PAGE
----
Wellness in the Workplace: Combat Stress to Be Your Best

The entire Caster Crew has been hitting it out of the park the past several months with insightful blogs to help readers cope with the new way of working and doing business. Recently, the team has penned blogs on working from home do’s and don’ts, how to make the most of your next virtual event, maintaining PR relationships during times of uncertainty and communicating during a pandemic. Each team member takes to the Caster blog to share useful information and write about a topic that is important to us. For me, that topic is a friendly reminder about office wellness.

As we stare down the Fourth of July weekend, summer is typically the time think more about “getting away” than going back to the office. While the return to the office has many of us here at Caster enjoying a bit more “normalcy” in our lives, it is still important to remember we’re all in the middle of something big, unprecedented, and unlike any other life event we’ve faced before. During these times, it is important to remember the small things we can do to combat stress levels, especially as many of us emerge from our WFH cocoons.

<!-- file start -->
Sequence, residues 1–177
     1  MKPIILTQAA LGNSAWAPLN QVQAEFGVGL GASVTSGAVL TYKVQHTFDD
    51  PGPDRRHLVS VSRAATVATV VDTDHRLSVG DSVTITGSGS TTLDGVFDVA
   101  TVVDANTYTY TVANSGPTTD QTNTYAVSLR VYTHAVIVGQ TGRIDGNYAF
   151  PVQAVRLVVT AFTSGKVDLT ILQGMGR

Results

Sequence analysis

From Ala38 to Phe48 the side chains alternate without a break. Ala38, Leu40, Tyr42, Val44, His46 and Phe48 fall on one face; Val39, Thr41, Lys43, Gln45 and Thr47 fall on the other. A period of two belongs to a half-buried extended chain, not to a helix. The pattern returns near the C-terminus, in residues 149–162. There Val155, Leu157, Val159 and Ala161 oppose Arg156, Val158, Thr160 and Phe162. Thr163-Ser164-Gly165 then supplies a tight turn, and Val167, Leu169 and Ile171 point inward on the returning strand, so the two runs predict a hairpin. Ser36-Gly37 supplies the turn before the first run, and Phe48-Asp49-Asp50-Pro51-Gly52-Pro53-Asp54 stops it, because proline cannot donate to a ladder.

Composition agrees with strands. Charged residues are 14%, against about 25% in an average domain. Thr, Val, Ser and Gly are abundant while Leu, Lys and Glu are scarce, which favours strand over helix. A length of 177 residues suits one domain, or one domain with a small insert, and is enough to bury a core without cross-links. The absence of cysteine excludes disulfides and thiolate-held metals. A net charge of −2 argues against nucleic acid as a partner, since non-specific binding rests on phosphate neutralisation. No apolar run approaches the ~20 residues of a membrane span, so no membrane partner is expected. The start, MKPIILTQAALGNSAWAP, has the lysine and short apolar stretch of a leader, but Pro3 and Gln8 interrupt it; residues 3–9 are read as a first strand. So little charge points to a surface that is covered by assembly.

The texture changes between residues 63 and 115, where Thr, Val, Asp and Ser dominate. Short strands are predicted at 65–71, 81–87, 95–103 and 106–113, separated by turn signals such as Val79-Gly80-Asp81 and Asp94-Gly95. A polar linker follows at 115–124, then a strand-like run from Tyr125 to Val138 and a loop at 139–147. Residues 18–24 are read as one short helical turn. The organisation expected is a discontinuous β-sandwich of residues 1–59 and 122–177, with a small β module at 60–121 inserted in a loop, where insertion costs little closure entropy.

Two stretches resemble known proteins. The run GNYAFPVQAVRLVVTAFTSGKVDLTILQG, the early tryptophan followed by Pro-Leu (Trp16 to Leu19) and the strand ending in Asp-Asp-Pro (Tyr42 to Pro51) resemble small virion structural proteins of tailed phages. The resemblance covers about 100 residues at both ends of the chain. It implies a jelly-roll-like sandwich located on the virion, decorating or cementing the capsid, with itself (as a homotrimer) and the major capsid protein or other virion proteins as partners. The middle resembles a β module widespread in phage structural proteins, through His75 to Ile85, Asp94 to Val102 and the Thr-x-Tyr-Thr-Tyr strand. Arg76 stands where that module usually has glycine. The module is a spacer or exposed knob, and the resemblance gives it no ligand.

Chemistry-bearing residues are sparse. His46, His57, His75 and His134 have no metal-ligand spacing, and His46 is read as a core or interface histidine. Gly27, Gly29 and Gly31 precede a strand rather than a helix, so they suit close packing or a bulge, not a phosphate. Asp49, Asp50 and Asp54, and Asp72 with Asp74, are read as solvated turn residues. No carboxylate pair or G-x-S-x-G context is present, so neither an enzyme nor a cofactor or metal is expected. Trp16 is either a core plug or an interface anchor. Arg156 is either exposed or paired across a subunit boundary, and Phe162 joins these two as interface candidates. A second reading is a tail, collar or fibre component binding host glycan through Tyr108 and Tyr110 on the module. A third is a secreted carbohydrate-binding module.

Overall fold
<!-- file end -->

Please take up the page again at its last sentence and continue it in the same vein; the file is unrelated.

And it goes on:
Take a walk. A tried and true tip. For many, the past couple months have been the longest-ever stretch of time working remote, and you may have adapted to a new schedule. A common byproduct of WFH is logging on earlier and staying online later due to the elimination of a work commute. Getting up from your desk (at home or back in the office) to take a quick break, stretch and break up a lineup of conference calls can help keep you focused on the task at hand. If you can swing it, try to take a quick walk outside to get some fresh air.

Meditate. A common misconception is you need to be isolated on a beach somewhere or on a mountain in absolute silence to mediate. Not the case! In fact, for those unfamiliar with the practice, a guided meditation can help walk you through the steps, and many can be done right at your desk. In fact, has a short, 15-minute desk chair meditation you can try the next time you feel the stress levels rising.

Limit your news intake. With so much going on in the world, it’s easy to feel like you should be tuned into the news or scrolling through Twitter at all times to keep up with it all. The problem is, you cannot –and trying to do so does more harm than good. The CDC says, “take breaks from watching, reading, or listening to news stories, including social media.” Constantly digesting all that news can be mentally exhausting, leaving you with little energy for not only work tasks, but day-to-day tasks too.

Whether you’ve started to make the transition to returning to a physical work environment or you’re continuing to work from home, the three suggestions above are just small reminders to keep your wellness top of mind. What have been you go-to solutions for managing stress and keeping yourself well? We’d love to hear all about them. Connect with Caster on Twitter at @CasterComm or with me on Twitter at @CasterPete.

Peter Girard

Director, Account Services

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